Happy Thanksgiving! Here’s an Autumn inspired breakfast parfait to help combat that post Turkey Day / Black Friday fatigue #NoFoodWaste

Ingredients: Pumpkin puree, Honeycrisp apples, rolled oats, coconut milk, vanilla almond milk, vanilla extract, salt, allspice, cardamom, chia seeds, cinnamon, ground cloves, ground ginger, coconut oil




November 23, 2015

Photo @JenniferEmilson


A Thanksgiving plan is in place—you’ve organized your menu, and know who’s bringing the sweet potatoes. But what are you going to do with all those leftovers?! Even after you have your fill of cranberry sauce and Brussels sprouts on Thursday, there is likely going to be food that goes uneaten.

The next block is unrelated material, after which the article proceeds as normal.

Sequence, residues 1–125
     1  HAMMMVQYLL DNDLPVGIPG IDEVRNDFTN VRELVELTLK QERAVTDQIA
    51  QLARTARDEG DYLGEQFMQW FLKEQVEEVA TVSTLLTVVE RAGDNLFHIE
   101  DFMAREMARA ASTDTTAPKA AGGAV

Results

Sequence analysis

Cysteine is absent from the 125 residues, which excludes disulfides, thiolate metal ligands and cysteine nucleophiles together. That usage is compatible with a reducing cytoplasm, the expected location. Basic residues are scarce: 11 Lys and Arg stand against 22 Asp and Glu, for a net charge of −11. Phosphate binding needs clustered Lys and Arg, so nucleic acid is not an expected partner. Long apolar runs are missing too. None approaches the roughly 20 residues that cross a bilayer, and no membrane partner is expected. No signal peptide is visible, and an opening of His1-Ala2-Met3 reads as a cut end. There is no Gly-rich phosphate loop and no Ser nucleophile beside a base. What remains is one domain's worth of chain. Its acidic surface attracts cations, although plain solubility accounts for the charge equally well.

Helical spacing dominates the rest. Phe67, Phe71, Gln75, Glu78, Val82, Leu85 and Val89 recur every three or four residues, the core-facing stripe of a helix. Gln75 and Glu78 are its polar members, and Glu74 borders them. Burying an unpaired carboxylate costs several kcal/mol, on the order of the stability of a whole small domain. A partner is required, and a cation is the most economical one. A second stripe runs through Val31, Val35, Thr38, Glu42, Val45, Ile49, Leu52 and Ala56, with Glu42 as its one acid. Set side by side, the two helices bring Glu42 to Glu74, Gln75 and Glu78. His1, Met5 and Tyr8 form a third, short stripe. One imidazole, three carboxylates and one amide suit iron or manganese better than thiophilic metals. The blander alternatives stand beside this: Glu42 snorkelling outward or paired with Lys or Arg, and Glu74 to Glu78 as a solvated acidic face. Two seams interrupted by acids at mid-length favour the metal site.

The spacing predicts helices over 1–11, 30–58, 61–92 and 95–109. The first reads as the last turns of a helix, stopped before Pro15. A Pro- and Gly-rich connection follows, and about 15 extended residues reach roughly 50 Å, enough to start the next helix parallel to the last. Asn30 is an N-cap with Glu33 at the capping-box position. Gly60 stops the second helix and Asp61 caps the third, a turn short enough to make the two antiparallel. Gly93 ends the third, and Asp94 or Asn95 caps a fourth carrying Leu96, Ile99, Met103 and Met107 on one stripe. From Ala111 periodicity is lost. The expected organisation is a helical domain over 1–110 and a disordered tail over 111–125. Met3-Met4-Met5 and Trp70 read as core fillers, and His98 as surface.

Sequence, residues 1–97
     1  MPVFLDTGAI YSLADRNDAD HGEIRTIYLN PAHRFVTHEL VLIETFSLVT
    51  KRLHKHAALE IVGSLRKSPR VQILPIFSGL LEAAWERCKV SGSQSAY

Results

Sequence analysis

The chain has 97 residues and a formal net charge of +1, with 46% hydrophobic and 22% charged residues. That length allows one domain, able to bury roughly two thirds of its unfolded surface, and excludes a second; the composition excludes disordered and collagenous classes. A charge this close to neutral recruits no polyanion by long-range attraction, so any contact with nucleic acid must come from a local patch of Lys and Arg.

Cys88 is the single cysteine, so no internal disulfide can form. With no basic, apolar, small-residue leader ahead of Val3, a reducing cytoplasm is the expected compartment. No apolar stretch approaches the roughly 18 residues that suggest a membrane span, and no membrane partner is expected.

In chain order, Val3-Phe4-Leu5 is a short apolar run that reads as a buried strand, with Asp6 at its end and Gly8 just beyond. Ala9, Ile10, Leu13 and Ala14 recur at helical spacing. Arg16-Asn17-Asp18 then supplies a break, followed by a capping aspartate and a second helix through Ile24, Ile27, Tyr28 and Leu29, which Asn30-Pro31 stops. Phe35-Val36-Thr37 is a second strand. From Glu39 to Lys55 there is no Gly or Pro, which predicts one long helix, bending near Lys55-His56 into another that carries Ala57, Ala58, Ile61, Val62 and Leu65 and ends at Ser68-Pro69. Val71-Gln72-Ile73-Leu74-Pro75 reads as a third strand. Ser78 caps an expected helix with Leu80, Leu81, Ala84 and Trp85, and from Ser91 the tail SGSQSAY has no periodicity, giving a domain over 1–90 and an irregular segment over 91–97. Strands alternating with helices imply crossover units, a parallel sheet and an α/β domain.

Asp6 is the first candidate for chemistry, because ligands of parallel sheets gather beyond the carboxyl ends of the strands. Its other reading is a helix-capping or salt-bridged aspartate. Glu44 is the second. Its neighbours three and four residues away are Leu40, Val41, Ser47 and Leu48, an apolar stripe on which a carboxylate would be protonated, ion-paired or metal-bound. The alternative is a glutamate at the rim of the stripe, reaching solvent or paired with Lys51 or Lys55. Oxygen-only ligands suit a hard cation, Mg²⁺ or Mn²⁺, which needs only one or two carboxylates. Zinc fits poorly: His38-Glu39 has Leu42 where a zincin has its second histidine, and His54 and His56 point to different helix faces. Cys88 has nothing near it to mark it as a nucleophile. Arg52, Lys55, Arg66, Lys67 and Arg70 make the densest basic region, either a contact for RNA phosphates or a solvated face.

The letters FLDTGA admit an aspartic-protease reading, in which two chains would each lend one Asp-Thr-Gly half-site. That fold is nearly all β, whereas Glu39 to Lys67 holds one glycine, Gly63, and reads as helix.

Which leads us to the final episode of #NoFoodWaste Novemberlove your leftovers, and the freezer is your friend. The final two of Foodstand’s Top 5 Tips to cut food waste are perhaps the easiest. If you aren’t going to put it in your mouth, package it up to save for another time—either in your fridge to eat later or repurpose, or in your freezer for longer term storage. Armed with good storage containers (glass is best) and plenty of room in your fridge and freezer after celebrating National Clean Out Your Fridge Day, you are ready to become a leftover food storage pro.

Leftovers are always delicious as is—simply reheat in pans on the stove, or arrange your dinner in baking dishes to warm in the oven while you enjoy some quality family time. But if you feel like something a little different, you can repurpose your side dishes in a variety of ways!